After spilling PCBs into a tributary of the St. Lawrence River, Hydro-Québec was charged under the Canadian Environmental Protection Act (CEPA). The utility responded by arguing that CEPA, the major Canadian statute regulating dangerous chemicals, was unconstitutional.
The case was eventually appealed to the Supreme Court of Canada (SCC). Acting on behalf of Pollution Probe and Great Lakes United, and together with the Canadian Environmental Law Association, we were granted leave to intervene in the case. We argued that the federal government could make environmental protection laws under its criminal law power. The SCC ruled that the federal government has the power and a duty to address environmental threats and, for the first time, that the Constitution’s criminal law power could be used to protect the environment (R.v. Hydro-Québec,  3 S.C.R. 213).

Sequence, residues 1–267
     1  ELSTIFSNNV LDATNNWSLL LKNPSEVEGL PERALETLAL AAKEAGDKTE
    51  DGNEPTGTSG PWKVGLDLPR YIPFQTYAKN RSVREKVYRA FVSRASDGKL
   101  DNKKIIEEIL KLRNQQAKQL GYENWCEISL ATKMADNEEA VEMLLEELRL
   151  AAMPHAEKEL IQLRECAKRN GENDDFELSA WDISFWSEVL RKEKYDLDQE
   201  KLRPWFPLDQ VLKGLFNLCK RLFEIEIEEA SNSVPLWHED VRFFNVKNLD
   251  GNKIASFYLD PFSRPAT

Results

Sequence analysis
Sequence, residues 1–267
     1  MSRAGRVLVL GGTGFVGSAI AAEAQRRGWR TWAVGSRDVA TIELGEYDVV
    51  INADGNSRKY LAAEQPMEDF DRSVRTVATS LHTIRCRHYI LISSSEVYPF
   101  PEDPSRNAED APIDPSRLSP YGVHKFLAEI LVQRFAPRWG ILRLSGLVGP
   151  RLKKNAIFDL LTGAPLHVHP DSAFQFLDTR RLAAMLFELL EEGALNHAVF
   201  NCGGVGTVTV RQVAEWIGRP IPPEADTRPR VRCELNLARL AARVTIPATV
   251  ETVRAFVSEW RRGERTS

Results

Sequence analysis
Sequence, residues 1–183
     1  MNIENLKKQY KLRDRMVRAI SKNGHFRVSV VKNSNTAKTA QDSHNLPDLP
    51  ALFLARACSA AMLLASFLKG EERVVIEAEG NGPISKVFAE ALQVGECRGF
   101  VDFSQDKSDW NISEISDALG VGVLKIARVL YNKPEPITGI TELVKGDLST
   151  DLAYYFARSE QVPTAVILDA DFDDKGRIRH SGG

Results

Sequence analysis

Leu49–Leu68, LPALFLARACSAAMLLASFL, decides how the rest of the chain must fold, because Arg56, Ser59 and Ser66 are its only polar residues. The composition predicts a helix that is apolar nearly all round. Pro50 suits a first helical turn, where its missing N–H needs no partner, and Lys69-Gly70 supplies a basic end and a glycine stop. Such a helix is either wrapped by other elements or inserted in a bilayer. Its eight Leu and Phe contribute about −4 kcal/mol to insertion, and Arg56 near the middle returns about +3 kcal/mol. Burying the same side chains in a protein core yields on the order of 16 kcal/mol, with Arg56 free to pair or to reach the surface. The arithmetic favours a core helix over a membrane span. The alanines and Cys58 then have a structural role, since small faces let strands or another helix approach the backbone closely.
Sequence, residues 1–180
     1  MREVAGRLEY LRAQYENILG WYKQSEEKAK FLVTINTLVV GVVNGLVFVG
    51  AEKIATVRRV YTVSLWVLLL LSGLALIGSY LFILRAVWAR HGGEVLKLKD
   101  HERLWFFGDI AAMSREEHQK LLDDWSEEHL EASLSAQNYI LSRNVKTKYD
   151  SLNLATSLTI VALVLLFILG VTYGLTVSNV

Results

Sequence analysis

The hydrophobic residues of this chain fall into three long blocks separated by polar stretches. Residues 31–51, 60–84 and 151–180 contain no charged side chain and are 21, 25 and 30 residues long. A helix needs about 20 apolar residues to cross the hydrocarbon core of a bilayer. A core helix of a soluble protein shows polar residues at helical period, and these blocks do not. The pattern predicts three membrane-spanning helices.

We intervened on behalf of our clients because a win by Hydro-Québec would have jeopardized the ability of the federal government to create and enforce environmental laws. Furthermore, a Hydro-Québec win would have bolstered the dangerous trend of “devolution” of federal environmental protection powers to the provinces, which threatens to leave Canada with a weak and fragmented patchwork of environmental protections.
What does this victory mean?
This landmark victory affirmed the constitutionality of the Canadian Environmental Protection Act, a critical environmental law. The SSC also clearly stated that the federal government has both the power and the duty to address threats to Canada’s environment.